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“My life stopped for two days while I read this novel. The Brightest Place in the World accomplishes what only our best art attempts… This book is a love letter to Las Vegas, the western desert, and, most of all, the mysteries of the human heart.” —Charles Bock, New York Times bestselling author of Beautiful Children and Alice & Oliver
From the publisher: Inspired by true events, The Brightest Place in the World traces the lives of four characters haunted by an industrial disaster. On an ordinary sunny morning in 2012, a series of explosions level a chemical plant on the outskirts of Las Vegas. Homes and businesses suffer broken windows and caved-in roofs. Hundreds are injured, and eight employees of the plant are unaccounted for, presumed dead.
Against the sordid backdrop of Las Vegas—and inspired by the PEPCON disaster of May 4, 1988—this engaging novel is a story of grief and regret, disloyalty and atonement, infatuation and love.
David Philip Mullins is the author of Greetings from Below and associate professor of English at Creighton University. He is a graduate of the Iowa Writers’ Workshop, and his fiction has appeared in many publications, including the Yale Review, Ecotone, Cimarron Review, Fiction, and Folio. His story “First Sight” appeared in NER 29.2.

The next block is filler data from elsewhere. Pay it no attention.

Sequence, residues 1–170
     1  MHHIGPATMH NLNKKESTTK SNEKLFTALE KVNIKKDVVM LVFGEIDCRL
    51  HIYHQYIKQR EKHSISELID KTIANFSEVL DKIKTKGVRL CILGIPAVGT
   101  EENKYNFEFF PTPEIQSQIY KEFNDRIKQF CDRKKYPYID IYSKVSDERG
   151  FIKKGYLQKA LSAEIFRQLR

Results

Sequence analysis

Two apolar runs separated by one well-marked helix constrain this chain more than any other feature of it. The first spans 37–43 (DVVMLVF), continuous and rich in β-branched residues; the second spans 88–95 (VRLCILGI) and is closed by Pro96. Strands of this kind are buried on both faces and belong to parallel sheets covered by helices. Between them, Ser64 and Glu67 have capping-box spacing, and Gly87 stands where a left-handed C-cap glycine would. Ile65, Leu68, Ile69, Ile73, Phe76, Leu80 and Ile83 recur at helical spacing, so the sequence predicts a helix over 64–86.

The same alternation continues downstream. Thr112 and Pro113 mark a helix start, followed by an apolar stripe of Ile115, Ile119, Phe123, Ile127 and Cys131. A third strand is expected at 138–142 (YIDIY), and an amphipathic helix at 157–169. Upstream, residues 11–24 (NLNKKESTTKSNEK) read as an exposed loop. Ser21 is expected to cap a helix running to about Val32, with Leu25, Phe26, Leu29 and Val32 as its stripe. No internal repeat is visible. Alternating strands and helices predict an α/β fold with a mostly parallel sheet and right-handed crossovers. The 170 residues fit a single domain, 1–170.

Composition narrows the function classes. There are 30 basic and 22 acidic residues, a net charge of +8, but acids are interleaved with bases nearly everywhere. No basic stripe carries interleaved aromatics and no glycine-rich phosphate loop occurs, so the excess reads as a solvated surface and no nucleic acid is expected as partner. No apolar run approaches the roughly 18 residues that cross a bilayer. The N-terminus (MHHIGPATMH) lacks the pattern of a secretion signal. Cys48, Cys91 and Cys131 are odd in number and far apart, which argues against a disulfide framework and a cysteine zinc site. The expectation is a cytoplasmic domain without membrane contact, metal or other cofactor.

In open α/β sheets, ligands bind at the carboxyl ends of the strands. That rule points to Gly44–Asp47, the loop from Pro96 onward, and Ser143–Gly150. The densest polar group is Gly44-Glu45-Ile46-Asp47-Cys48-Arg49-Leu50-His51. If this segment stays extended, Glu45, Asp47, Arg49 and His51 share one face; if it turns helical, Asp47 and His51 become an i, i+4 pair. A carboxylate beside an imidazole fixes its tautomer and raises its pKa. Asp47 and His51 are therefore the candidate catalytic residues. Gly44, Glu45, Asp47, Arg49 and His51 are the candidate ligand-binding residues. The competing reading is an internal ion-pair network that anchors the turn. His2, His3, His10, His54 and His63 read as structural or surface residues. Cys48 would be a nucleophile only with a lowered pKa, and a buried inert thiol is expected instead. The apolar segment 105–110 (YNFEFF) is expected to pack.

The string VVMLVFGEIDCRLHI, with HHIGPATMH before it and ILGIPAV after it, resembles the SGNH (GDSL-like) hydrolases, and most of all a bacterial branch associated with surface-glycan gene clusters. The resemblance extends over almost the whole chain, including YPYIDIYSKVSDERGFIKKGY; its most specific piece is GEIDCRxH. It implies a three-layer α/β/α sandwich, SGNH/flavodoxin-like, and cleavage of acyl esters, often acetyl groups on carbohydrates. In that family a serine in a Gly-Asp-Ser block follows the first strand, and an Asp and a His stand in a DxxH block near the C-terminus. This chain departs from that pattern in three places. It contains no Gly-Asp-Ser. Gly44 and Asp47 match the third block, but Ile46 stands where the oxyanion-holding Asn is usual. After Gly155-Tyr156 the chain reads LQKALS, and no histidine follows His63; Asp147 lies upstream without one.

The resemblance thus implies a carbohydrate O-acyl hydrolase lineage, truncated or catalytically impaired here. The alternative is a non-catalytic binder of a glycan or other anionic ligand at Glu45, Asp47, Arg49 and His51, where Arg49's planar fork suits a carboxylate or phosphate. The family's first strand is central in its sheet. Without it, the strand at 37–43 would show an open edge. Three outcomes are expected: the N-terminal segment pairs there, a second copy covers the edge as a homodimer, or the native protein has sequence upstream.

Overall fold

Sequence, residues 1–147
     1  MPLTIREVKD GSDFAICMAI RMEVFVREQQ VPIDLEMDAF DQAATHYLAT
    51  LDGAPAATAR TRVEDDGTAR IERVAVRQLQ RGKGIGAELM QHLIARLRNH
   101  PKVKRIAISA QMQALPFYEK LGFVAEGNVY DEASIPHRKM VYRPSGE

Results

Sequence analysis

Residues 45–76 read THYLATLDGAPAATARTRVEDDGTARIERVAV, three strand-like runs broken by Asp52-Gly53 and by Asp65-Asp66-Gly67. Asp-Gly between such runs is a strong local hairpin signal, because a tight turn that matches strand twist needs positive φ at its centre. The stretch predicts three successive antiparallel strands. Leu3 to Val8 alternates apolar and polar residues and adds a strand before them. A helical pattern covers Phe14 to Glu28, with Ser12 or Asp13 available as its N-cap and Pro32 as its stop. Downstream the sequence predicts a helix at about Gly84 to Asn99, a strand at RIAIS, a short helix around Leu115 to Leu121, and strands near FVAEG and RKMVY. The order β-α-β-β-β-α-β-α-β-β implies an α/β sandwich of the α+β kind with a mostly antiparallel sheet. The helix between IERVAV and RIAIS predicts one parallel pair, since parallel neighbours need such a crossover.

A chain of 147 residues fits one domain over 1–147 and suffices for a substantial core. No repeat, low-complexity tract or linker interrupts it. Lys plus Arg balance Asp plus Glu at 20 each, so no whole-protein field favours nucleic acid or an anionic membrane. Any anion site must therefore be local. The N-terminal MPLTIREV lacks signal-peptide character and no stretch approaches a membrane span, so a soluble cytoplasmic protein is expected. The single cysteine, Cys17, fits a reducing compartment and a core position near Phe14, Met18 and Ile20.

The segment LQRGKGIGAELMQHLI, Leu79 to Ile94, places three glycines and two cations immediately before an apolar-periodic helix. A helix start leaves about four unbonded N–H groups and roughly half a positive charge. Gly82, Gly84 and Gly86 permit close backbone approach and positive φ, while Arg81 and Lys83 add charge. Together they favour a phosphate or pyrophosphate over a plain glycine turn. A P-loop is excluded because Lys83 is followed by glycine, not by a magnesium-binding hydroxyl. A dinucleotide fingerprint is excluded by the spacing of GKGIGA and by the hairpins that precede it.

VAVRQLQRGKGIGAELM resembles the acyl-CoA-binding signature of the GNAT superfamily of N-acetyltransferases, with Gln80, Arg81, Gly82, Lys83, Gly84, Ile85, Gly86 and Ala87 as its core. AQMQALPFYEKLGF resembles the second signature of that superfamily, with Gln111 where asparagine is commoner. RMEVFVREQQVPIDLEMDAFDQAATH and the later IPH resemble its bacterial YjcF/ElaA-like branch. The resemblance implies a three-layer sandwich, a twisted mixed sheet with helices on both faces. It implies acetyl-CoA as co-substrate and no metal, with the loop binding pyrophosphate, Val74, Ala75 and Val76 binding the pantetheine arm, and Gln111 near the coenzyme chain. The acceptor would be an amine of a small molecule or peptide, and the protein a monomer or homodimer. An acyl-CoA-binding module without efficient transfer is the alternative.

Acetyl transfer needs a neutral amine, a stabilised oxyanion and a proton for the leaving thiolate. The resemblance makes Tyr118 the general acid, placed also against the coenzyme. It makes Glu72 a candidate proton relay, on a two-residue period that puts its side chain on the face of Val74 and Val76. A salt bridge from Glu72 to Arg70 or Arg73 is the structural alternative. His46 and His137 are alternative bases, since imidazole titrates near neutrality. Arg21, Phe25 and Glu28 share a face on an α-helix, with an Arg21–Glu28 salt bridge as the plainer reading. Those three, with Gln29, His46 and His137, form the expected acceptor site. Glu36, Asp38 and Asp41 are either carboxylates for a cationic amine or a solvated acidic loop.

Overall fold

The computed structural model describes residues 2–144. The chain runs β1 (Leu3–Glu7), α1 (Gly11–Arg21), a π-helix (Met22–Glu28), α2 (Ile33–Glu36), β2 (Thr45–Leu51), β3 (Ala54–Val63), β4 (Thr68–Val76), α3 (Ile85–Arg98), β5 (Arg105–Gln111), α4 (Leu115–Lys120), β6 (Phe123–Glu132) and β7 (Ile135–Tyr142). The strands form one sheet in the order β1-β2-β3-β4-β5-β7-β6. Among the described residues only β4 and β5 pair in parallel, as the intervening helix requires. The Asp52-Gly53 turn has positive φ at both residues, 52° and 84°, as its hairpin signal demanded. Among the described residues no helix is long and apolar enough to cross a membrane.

The Brightest Place in the World can be purchased at Bookshop.org or your local independent bookstore.
Hitchcock Blonde is a kaleidoscope of comedy and sorrow, a deep dive into the ways popular culture informs innocence and experience. Original and unforgettable.—Stephen Kuusisto author of Have Dog, Will Travel
From the publisher: A heady cocktail of sex and trauma. . . . Imagine an episodic memoir that braids together insights about Alfred Hitchcock’s movies with the narrative of a woman’s life: scenes of growing up in Brooklyn in the sixties and seventies as the daughter of a schizophrenic mother and a traveling salesman father, adolescent sexual traumas, and adult botched marriages and relationships— all refracted through the lens of ten of Alfred Hitchcock’s iconic movies.
In each chapter, the narrator—an award-winning poet—trains her idiosyncratic lens on a different film and then onto the uncanny connections they conjure up from her own life.
Sharon Dolin is the author of six poetry collections, most recently Manual for Living and Whirlwind. Her fourth book, Burn and Dodge won the AWP Donald Hall Prize for Poetry in 2008. She is Associate Editor at Barrow Street Press and she directs Writing about Art in Barcelona. Her translations of three Gemma Gorga poems appear in NER 37.1.
Hitchcock Blonde can be purchased at Bookshop.org or your local independent bookstore.
“There’s the great courage of tenderness and of hope here, and Marilyn Hacker has caught all her surprising phrasing, striking juxtapositions, and subtle syntactical legerdemain in an English that rings with the music of the original, not missing a beat, or an echo, or a bell.” —Cole Swensen, author of Gravesend
From the publisher: In this stunning addition to the Pleiades Press Translation Series, rendered in Marilyn Hacker’s innovative translation from the original French, Samira Negrouche confronts a war-torn Algeria, amidst the Arab Spring, cataloguing, in her luminary genre-bending poetry, grief, exile, and revolution. . . . These are imporant poems, and Hacker gives us the gift of reading them in English for the first time in a collected volume.